For their film “Alle Anderen”, director Maren Ade and leading actress Birgit Michichmayr won awards at this year’s Berlinale film festival. The movie revolves around relationship models, gender roles and the unavoidable struggle, if you are trying for some unorthodox concepts: While on holiday Gitti and Chris meet Hans and Sana and in the encounter prove unsure in handling their own love concept… Libra as the sign of mental constructs and the symbol of encountering the Other is in the center of events here.
A Scorpio bloodbath of the unusual kind is to be witnessed in Julie Delpy’s costume drama “The Countess”. According to legend, the Hungarian 17th century female serial killer Erzebet Bathory bathed herself in the blood of young women and girls to preserve her beauty. Trying for a less demonic interpretation of the extraordinarily powerful woman, Delpy’s film adaptation highlights Erzebet’s obsessive love for a younger man and thus strengthens the Libra-motifs of beauty and love, which are another important aspect of the story.
„Crossing Over“, a film with good intentions and a humanist message, is about illegal immigration and the search for a better life, appealing for tolerance and understanding towards the strange and alien. An Immigration and Customs Enforcement agent is haunted by the death of an immigrant, a fifteen year old girl is accused of having ties to terrorism and threatened by deportation, a Green Card approval supervisor misuses his position for sexual blackmail – these are only three of the many characters gravitating around the conflicted field of cultural, ethnic and national intersections and demarcations. Including some sentimentality, which is adding a bit of Cancer-quality to the Sagittarian topics, “Crossing Over” is a fervent plea for a more liberal treatment of cross-culture issues.
Finally the long awaited fourth part of the John-Connor-Saga, “Terminator Salvation”, hit the theaters with a lot of grim action scenes. The exhausting battle against the machines lead by the remains of humanity amidst a devastated, largely leaden-colored world; the emotionless, efficiency-driven extermination of human life by the machines, and the story (resembling ancient Greek tragedy) about a cyborg believing himself human, unwittingly contributing to the fatal blow against John Connor and then sacrificing himself for him – all of that makes this movie a Capricorn-film.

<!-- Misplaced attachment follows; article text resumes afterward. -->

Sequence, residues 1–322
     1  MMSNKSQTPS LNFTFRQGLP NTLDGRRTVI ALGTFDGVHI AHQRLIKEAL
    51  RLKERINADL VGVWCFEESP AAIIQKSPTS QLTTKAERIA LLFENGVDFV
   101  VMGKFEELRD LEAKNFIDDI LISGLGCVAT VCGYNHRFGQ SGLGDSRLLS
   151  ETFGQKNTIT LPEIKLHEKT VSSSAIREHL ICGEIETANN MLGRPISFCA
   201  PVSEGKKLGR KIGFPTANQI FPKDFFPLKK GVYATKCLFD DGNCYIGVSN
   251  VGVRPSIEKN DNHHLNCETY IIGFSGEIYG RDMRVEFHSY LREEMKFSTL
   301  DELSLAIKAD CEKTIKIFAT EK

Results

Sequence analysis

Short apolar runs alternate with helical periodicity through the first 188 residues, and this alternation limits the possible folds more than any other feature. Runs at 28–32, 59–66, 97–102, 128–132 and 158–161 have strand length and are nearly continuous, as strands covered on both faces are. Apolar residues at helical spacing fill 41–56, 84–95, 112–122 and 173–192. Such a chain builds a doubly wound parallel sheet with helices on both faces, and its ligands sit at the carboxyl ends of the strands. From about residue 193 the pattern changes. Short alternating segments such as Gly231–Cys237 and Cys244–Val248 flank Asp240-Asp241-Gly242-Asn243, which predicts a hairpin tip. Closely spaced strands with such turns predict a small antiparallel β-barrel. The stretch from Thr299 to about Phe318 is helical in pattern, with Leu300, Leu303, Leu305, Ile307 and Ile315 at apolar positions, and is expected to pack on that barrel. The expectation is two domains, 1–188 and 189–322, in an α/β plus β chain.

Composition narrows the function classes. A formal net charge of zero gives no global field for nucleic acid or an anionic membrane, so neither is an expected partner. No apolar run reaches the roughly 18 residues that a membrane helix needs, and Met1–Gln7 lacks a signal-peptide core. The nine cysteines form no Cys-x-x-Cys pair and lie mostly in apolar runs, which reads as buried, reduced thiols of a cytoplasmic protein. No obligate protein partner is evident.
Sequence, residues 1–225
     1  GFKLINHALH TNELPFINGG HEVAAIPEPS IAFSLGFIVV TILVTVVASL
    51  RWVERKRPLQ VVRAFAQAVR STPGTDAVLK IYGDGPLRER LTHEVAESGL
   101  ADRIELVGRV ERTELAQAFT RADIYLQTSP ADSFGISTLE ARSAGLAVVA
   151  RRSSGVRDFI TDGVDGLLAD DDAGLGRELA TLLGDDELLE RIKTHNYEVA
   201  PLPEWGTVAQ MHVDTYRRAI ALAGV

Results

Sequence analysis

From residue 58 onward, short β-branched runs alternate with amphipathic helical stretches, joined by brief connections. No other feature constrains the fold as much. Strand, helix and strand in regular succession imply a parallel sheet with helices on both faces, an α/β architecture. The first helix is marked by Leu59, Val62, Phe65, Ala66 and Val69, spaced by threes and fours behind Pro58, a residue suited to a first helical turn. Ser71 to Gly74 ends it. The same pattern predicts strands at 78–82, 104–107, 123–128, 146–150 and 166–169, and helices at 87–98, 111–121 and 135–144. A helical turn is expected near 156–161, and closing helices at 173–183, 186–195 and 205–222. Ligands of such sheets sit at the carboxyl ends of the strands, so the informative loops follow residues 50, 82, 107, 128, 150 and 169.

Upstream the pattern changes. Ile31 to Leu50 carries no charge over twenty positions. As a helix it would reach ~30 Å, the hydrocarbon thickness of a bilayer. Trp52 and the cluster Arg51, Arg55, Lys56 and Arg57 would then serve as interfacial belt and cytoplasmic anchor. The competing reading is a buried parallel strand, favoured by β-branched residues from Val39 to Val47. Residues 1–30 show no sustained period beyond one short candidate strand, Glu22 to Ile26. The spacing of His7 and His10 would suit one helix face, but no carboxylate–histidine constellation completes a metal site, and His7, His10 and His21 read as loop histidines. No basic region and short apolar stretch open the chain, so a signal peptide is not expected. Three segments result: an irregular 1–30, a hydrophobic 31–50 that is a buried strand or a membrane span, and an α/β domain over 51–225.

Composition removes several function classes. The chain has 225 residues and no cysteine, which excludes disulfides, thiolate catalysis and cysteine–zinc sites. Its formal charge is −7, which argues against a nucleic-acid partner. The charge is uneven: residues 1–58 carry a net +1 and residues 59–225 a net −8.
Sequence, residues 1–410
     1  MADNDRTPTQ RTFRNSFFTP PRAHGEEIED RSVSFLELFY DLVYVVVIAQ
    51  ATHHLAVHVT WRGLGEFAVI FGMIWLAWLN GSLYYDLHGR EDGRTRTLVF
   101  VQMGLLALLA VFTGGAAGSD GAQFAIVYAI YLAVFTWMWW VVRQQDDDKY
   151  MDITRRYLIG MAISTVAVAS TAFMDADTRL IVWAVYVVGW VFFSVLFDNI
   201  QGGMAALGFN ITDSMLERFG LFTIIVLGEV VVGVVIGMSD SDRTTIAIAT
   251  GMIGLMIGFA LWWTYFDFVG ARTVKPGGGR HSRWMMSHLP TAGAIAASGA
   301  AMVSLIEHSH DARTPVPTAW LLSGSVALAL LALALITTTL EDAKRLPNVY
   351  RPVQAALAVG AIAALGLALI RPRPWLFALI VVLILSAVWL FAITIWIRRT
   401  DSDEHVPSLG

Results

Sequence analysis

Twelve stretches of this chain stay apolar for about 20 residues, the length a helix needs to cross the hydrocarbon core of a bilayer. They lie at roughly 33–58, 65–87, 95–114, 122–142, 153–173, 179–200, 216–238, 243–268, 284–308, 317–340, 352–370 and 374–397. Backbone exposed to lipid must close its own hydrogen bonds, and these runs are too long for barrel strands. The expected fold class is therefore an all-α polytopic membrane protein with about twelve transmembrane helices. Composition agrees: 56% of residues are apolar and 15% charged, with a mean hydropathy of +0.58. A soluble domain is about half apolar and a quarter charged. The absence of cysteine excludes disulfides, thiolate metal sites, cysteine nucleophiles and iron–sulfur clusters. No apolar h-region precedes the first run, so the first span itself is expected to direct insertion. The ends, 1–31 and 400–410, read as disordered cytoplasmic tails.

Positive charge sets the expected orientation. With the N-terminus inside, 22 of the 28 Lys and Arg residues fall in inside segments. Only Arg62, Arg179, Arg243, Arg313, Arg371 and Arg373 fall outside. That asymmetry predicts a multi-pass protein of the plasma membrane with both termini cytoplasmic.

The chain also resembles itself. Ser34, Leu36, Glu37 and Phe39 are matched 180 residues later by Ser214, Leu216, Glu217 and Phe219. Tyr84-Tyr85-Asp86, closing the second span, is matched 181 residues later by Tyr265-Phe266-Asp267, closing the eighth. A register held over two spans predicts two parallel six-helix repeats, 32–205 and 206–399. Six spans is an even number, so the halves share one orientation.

It seems obvious to assume Aquarius-quality in the biography of a famous revolutionary and of course Steven Soderbergh’s “Che: Part One” (starring brilliant Benicio del Toro as Che) reflects this in its depiction of Ernesto “Che” Guevara’s time as revolutionary leader in Cuba. Considering furthermore that Saturn traditionally ruled the sign of Aquarius, the motif of military discipline fits the picture just as does the relevance of responsibility and social conscience. Soderbergh refrains from sentimentality and pathos and describes revolutionary community and collective fighting from a distanced, observant point of view – thus again reflecting Aquarius.
Michael Glawogger calls his film “Contact High” a “Psychedelic Road Movie Comedy”. It is populated with stoned hot dog stall owners, demented small-time criminals and campy car mechanics, and it is laced with images straight from a drug induced trip. A film about a lost bag and the efforts to get it back. Doubtlessly including some Uranian tones, this wacky comedy mainly is a motley colored trip through Piscean poetic nonsense and surreal chaos.
Vesna Ivkovic studied literature and linguistics, sociology, philosophy and history and as well took a profound interest in psychology, mythology and different belief systems. Along the way she also explored various paths of body awareness such as the martial arts of Kung Fu, Dance, Yoga, Qi Gong and several other methods of body work and motion arts. In 1993 she discovered astrology as an instrument of knowledge and graduated in 2004 in Markus Jehle's and Petra Niehaus' master class at the Astrology Center Berlin. You can find out more about the author and her work on her own website www.astrosemiotics.de